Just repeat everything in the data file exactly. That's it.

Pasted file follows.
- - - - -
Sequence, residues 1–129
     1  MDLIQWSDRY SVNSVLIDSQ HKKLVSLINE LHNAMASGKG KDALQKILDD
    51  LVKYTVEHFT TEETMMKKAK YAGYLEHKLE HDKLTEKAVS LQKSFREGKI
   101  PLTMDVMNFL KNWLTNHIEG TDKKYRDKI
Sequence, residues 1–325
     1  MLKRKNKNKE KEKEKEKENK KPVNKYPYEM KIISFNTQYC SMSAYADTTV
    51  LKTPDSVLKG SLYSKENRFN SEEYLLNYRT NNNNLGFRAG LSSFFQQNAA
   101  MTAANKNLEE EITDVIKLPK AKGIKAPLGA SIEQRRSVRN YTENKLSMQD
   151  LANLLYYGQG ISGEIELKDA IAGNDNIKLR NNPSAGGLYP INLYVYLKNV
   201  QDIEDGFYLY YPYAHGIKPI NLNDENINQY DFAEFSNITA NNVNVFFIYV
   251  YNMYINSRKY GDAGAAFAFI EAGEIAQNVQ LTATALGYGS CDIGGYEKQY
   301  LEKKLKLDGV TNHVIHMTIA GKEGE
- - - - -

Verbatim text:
Sequence, residues 1–129
     1  MDLIQWSDRY SVNSVLIDSQ HKKLVSLINE LHNAMASGKG KDALQKILDD
    51  LVKYTVEHFT TEETMMKKAK YAGYLEHKLE HDKLTEKAVS LQKSFREGKI
   101  PLTMDVMNFL KNWLTNHIEG TDKKYRDKI
Sequence, residues 1–325
     1  MLKRKNKNKE KEKEKEKENK KPVNKYPYEM KIISFNTQYC SMSAYADTTV
    51  LKTPDSVLKG SLYSKENRFN SEEYLLNYRT NNNNLGFRAG LSSFFQQNAA
   101  MTAANKNLEE EITDVIKLPK AKGIKAPLGA SIEQRRSVRN YTENKLSMQD
   151  LANLLYYGQG ISGEIELKDA IAGNDNIKLR NNPSAGGLYP INLYVYLKNV
   201  QDIEDGFYLY YPYAHGIKPI NLNDENINQY DFAEFSNITA NNVNVFFIYV
   251  YNMYINSRKY GDAGAAFAFI EAGEIAQNVQ LTATALGYGS CDIGGYEKQY
   301  LEKKLKLDGV TNHVIHMTIA GKEGE